CFP: Service to God and Service to Man (1/15/07; online journal issue)

full name / name of organization: 
mhorn3_at_kent.edu
contact email: 
mhorn3@kent.edu

Dulia et Latria (roughly translated as service to man and service to
God) is an online journal dedicated to exploring dulia and latria
within the Christian faith. In his late 14th century Tractatus de
Mandatis Divinis, John Wycliffe, writing against iconic idolatry within
the Catholic church, defined dulia as the reverence men and women owe
to each other and latria as the reverence a man or woman owes only to
God. He was interested in developing a taxonomy for and an analysis of
duties involved in the horizontal relationship between created beings
themselves and the vertical relationship between the created and the
creator, and so are we. With our journal we wish to showcase some of
the most current and constructive writing dealing with the
manifestations and interconnections of dulia and latria in the realm of
the home, the academy, the church, the workplace, the arts, the
community, and the government.

Dulia et Latria seeks papers for the inaugural 2007 February issue.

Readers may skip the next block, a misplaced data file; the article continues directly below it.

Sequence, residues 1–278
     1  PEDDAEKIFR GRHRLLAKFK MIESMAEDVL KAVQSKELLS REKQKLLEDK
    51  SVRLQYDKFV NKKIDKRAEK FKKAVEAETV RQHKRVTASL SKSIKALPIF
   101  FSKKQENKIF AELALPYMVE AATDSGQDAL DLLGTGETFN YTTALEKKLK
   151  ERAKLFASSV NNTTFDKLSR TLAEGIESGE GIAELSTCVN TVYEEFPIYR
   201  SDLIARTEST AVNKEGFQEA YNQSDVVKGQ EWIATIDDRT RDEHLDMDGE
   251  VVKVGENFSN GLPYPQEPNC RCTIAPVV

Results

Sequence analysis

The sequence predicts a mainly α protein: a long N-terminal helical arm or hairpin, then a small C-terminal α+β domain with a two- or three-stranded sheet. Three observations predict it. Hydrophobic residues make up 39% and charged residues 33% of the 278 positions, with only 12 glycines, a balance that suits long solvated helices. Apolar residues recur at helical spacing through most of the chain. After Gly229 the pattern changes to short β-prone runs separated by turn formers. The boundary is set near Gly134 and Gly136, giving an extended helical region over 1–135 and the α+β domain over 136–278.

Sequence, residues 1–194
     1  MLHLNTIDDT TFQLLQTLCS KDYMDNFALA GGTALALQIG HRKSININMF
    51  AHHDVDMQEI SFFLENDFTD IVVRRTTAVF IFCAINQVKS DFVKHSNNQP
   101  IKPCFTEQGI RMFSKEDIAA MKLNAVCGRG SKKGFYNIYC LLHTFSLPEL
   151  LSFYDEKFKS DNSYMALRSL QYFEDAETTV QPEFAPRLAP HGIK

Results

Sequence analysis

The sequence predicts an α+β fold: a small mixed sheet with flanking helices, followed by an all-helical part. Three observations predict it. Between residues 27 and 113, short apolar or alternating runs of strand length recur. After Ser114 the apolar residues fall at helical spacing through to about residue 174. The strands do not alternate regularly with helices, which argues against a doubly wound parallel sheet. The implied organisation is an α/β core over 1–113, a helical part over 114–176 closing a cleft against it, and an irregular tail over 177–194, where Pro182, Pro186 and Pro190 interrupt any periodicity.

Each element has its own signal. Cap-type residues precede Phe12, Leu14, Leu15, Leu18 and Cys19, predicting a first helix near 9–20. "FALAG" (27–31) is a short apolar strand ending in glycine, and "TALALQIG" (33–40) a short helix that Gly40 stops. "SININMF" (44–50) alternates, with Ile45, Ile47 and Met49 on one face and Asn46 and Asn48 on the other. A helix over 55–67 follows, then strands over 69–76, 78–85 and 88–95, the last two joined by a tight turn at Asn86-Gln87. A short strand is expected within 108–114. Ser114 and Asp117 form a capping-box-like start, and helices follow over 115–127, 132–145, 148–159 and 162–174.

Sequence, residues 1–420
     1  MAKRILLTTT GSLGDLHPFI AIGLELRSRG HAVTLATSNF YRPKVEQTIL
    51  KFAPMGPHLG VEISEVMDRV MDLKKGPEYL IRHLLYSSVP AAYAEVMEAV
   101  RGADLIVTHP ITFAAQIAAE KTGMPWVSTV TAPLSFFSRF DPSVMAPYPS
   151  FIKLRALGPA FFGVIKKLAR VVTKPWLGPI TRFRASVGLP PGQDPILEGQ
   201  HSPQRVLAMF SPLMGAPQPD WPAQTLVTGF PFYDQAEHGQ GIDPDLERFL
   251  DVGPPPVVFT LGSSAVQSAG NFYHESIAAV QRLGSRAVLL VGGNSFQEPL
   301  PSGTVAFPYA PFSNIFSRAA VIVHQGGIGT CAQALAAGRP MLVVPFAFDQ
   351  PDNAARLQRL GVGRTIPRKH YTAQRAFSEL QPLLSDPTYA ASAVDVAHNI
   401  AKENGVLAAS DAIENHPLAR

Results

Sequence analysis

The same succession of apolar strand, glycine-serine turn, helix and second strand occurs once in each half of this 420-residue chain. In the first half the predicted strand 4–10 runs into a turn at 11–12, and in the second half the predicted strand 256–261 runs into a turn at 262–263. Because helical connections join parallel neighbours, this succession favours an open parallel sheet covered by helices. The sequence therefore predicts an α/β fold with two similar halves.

Submissions addressing one of the following specific questions will be
considered:
     What is the modern context for dulia and/or latria?
     Is it ever proper to deny dulia and/or latria?
     Is either dulia and/or latria restricted to time and space?
     Is dulia and/or latria culturally bound?
     Is dulia and/or latria dispensed by nature or by revelation?
     What forms and the essential dulia and/or latria take, and in what
contexts?
     What are the shortcomings of the modern church concerning dulia
and/or latria?
     What actual or apparent contradictions are involved with dulia
and/or latria?

Submissions will also be considered that broaden the scope to an
investigation related to dulia and/or latria within the broad contexts
of specific academic disciplines. For example, the following is a list
of feasible topics. The list is in no way exhaustive but meant only to
provide rough boundaries within which other topics can be fashioned.
     Latria in Dante's climax of the Paradiso
     Dulia and latria in Socrates's Apology
     Dulia and the sovereignty of God
     The English High-Anglican assumption of latria in the mid 17th
century
     Latria and the poetry of Richard Crashaw
     Greco-Roman latria and the Pauline texts
     Latria and the writings of the early Quakers
     Latria and the existential frustrations of the modern mind

If interested, please see the editorial policy web page on the Dulia et
Latria web site (www.duliaetlatria.com) for the specific guidelines of
submission. Only submissions received before the deadline of 15 Jan.
2007 will be considered for publication in the Feb. 2007 issue.

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Received on Sat Oct 14 2006 - 20:51:59 EDT

cfp categories: 
religion